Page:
At the law offices of Jimmy E. McElroy & Associates in Tennessee, we understand and empathize with the way our clients feel when they face overwhelming debt and bankruptcy is their only way out. Sometimes Chapter 7 better fits their needs, but if you want to save your home from foreclosure and have a second mortgage on it, Chapter 13 may be your best option.
As explained by SFGate.com, Chapter 13 may allow you to strip the lien your second mortgage lender holds on your home. Keep in mind that whereas Chapter 7 discharges virtually all of your consumer and credit card debt, Chapter 13 affords you the opportunity to reorganize debts and pay most of them off over a long period of time, usually three or five years. You do this by devising a court-approved payment plan and living up to its financial obligations during your bankruptcy period.
Secured versus unsecured creditors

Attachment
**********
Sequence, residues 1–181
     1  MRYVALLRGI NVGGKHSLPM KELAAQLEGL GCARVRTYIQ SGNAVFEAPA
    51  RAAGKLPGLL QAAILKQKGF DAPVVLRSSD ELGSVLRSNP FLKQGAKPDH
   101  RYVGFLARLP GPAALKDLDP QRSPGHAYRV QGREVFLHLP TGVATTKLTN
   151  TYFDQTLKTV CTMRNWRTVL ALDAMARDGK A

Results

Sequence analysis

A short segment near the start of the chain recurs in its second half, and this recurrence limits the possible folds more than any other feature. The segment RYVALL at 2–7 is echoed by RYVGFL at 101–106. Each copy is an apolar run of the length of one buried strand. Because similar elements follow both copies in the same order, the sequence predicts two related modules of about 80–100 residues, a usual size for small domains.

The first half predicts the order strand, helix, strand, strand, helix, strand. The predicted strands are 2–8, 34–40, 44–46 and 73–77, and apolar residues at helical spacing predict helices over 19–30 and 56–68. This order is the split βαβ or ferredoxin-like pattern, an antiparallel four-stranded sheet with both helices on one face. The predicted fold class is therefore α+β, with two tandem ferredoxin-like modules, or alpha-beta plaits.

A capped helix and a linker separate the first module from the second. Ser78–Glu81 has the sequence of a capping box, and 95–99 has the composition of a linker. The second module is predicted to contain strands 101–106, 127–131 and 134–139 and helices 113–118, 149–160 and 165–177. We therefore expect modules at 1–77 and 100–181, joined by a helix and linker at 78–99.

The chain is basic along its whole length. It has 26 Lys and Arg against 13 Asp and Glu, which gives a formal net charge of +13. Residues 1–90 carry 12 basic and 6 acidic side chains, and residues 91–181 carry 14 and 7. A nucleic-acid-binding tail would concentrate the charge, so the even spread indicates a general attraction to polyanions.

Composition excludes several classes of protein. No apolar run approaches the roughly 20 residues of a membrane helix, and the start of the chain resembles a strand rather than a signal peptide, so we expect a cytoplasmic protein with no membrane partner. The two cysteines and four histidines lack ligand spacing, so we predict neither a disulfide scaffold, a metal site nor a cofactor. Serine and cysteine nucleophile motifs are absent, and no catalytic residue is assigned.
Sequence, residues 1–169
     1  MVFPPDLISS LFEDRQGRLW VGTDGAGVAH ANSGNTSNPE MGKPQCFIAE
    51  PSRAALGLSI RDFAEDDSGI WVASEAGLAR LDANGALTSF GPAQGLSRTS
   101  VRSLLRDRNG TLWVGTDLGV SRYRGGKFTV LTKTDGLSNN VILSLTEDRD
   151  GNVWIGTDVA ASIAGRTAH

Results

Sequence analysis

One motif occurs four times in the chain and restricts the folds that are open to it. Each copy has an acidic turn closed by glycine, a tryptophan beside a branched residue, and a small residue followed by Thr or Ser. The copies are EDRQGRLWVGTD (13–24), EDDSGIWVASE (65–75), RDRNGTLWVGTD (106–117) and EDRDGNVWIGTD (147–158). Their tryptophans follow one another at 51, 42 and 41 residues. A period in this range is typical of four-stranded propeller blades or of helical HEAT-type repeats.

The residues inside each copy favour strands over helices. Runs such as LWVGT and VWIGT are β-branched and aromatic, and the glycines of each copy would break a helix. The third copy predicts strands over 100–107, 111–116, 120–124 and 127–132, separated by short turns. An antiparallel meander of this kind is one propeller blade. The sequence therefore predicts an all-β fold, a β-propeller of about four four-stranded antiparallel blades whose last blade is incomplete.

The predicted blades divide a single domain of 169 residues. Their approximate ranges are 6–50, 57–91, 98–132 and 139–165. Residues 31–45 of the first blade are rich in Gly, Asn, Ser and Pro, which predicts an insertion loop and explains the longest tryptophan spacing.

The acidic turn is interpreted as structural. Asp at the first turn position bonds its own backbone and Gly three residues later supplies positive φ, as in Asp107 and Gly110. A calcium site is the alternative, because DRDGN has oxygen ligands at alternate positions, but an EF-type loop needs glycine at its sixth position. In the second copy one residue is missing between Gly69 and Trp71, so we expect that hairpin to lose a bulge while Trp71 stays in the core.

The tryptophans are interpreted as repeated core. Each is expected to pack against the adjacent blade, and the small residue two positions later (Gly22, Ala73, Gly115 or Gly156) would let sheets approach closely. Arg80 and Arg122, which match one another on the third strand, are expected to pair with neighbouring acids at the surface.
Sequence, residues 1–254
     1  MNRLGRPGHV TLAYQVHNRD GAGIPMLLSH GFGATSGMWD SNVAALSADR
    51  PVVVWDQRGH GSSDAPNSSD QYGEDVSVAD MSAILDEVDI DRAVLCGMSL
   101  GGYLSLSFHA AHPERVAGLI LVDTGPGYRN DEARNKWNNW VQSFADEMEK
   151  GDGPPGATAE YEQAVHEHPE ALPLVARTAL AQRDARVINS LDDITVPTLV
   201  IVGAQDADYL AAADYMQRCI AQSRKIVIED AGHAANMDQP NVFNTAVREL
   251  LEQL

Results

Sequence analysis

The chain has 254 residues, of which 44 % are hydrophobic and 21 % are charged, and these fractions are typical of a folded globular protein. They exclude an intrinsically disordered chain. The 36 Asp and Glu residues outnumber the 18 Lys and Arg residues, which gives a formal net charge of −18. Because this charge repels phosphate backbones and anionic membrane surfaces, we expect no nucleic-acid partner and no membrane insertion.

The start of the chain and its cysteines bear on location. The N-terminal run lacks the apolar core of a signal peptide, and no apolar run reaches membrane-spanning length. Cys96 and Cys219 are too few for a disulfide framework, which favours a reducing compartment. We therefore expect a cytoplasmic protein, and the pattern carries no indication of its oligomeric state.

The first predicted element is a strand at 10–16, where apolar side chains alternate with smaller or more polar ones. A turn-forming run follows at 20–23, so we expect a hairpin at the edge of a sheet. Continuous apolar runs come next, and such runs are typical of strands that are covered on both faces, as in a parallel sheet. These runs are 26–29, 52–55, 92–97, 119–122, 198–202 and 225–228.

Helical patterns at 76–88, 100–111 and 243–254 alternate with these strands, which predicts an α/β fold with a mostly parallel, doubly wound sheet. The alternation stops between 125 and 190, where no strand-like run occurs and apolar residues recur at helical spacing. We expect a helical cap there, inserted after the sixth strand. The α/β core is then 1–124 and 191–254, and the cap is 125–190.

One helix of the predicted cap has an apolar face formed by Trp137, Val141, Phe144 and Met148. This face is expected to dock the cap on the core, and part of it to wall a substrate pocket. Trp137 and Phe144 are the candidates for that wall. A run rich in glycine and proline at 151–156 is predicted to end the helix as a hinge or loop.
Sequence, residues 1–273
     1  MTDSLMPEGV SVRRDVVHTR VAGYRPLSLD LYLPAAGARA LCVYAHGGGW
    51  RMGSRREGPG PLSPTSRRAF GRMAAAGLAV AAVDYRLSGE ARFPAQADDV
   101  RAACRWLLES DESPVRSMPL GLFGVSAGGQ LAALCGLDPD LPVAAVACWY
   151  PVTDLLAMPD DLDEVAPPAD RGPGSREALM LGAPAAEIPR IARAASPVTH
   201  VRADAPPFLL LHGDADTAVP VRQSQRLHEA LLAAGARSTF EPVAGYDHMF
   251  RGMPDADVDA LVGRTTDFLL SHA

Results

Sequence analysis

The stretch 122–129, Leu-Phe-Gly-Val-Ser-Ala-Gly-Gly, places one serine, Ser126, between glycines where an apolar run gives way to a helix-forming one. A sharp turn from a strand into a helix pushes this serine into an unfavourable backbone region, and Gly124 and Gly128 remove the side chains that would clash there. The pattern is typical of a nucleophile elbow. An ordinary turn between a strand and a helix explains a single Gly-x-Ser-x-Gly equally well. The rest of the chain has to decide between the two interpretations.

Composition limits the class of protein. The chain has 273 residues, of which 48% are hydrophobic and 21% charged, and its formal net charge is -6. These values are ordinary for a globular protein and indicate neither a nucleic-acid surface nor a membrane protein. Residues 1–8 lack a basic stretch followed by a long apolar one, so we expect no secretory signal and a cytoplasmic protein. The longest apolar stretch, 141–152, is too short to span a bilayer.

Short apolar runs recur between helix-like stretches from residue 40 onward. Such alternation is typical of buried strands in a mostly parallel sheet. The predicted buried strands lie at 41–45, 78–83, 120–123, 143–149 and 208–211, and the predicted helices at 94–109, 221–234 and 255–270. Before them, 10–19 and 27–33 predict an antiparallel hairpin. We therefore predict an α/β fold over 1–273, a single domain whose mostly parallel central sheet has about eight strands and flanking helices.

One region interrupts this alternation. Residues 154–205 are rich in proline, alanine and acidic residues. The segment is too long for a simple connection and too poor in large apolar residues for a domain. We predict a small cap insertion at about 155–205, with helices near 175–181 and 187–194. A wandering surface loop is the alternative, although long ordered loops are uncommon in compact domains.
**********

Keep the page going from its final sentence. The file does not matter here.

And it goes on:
When you file for Chapter 13 bankruptcy, the court divides your creditors into two classifications: secured and unsecured. Your secured creditors are those to whom you provided collateral for your debts; your unsecured creditors have no collateral and therefore have little or no chance of recovering the full amount of your debts.
Your second mortgage lender generally falls into the unsecured creditor classification, especially if you have little or no equity in your home. As such, the Bankruptcy Court has the authority to strip your second mortgage holder of any lien it has or claims to have against your home. When your bankruptcy period ends, the court discharges all of your unsecured debts not covered in your repayment plan, thereby removing your second mortgage and leaving you free to continue paying only the balance of your first mortgage.
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